The Humbled Be Exalted


We might chuckle at five-year-old Noah’s boast that he will grow up to be stronger than Daddy. Or cringe at sixteen-year-old Hannah’s bluster that she can text and drive with no problem. Or wonder at coworkers who brag about how deserving they are of a huge raise because they produce more than anyone else. Only time will tell if Noah, Hannah, or the coworkers actually reach what they tout. In any case, at the time of the self-praise what tends to run through our minds is that these people don’t know themselves very well. Life is about growing in self-knowledge. Prayer is the ingredient that brings honesty and accuracy to our self-knowledge.
Both the Pharisee and tax collector addressed God in prayer. The content of their prayer, however, differed greatly. The Pharisee’s prayer was about himself and was turned toward self; his prayer was about justifying himself. The tax collector’s prayer, by contrast, was turned toward God in the true self-knowledge of who he was. Jesus declared the tax collector justified, not the Pharisee. Jesus tells us that we are “justified” when we know who we are before God and open ourselves in humility to receive God’s mercy. Justification—right relationship with God—comes only from knowing ourselves as God knows us. The message Jesus teaches in this gospel is that justification comes not to those who consider themselves righteous, but to those who humbly acknowledge their need for God’s mercy. [Living Liturgy, 2013]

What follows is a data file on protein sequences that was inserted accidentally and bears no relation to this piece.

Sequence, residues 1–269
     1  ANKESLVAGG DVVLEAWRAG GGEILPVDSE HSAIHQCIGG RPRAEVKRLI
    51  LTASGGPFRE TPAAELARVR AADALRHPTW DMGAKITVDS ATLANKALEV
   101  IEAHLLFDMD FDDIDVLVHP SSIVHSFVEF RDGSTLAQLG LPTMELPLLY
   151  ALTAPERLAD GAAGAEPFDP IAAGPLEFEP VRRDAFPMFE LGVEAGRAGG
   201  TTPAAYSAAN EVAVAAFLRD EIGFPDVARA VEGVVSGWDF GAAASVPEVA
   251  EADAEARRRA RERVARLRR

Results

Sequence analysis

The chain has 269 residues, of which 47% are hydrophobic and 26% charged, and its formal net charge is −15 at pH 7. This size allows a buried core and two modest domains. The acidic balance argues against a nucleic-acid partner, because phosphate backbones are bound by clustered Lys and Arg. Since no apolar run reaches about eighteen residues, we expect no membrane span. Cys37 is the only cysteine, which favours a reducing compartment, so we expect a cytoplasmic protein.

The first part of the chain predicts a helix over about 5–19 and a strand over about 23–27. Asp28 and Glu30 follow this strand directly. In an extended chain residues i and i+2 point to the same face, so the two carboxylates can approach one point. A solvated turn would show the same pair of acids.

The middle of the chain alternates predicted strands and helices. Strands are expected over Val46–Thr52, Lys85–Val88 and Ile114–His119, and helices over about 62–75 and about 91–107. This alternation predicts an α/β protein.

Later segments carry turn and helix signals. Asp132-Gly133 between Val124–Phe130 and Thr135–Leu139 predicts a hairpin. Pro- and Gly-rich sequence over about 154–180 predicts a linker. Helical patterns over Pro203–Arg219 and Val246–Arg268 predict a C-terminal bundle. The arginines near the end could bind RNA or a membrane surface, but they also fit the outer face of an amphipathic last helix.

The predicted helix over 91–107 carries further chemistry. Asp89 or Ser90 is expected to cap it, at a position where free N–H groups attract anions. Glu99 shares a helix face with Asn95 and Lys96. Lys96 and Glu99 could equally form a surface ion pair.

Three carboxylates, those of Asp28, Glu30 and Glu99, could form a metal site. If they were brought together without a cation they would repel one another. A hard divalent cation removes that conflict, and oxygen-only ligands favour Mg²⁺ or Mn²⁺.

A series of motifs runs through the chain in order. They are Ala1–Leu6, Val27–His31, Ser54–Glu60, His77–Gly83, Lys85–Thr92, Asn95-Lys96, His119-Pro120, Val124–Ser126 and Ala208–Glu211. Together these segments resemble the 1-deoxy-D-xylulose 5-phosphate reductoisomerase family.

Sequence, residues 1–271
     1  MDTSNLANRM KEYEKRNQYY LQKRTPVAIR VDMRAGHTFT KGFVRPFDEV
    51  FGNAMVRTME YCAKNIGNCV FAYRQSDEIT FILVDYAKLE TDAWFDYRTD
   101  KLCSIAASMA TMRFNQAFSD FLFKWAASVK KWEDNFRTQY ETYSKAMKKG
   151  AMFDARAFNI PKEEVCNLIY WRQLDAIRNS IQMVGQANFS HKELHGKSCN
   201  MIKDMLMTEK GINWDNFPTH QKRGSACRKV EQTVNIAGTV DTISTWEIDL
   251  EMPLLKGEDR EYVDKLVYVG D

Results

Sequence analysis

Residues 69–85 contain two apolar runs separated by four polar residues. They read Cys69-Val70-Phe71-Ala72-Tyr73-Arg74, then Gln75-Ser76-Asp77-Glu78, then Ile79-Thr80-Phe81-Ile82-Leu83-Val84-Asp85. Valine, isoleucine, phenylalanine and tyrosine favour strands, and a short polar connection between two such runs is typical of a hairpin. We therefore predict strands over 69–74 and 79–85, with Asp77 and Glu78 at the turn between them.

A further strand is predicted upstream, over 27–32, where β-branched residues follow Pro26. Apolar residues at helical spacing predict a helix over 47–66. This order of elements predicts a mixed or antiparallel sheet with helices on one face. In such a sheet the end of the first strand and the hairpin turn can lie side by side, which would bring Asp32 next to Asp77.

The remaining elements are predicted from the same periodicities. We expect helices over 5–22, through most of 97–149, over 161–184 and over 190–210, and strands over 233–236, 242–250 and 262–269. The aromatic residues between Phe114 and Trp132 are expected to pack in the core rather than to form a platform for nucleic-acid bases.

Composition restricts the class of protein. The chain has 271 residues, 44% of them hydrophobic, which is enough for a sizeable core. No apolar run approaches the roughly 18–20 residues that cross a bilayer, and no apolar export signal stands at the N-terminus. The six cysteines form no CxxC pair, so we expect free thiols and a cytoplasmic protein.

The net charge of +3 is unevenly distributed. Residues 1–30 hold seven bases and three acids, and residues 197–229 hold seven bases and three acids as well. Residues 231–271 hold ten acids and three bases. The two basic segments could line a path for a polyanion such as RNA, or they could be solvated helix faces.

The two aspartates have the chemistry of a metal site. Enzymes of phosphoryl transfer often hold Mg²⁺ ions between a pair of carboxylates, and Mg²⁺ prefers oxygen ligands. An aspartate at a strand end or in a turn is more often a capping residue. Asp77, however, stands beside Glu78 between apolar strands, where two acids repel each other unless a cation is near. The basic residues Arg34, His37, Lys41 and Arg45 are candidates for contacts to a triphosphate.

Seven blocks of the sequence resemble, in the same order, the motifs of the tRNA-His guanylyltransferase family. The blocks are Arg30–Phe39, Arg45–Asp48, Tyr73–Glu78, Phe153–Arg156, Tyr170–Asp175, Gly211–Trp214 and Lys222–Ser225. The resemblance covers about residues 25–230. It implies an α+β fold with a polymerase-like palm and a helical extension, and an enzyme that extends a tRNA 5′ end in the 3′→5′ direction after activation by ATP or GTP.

Let’s be honest: Sometimes when we pray we are like the Pharisee, and at other times we are like the tax collector. We are like the Pharisee when we presume we are in right relation with God and others and refuse to acknowledge truthfully our own failings and weaknesses. We are like the tax collector when we acknowledge who we really are and recognize our need for God’s mercy.
So both can teach us something. The Pharisee can teach us that religious practices are important, but not enough. They must always be performed with humility and with the goal of deepening our relationship with God. The tax collector can teach us that God doesn’t offer salvation to the perfect, but to those who acknowledge their sinfulness and cry out for God’s mercy. Like the tax collector, we must let God be God and receive the mercy offered. Though sinners, God exalts those who are in right relationship. Rather than focus unduly on our own sinfulness, we need to turn to God and ask for mercy.

Adapted from Renew International: Prayer Time Cycle C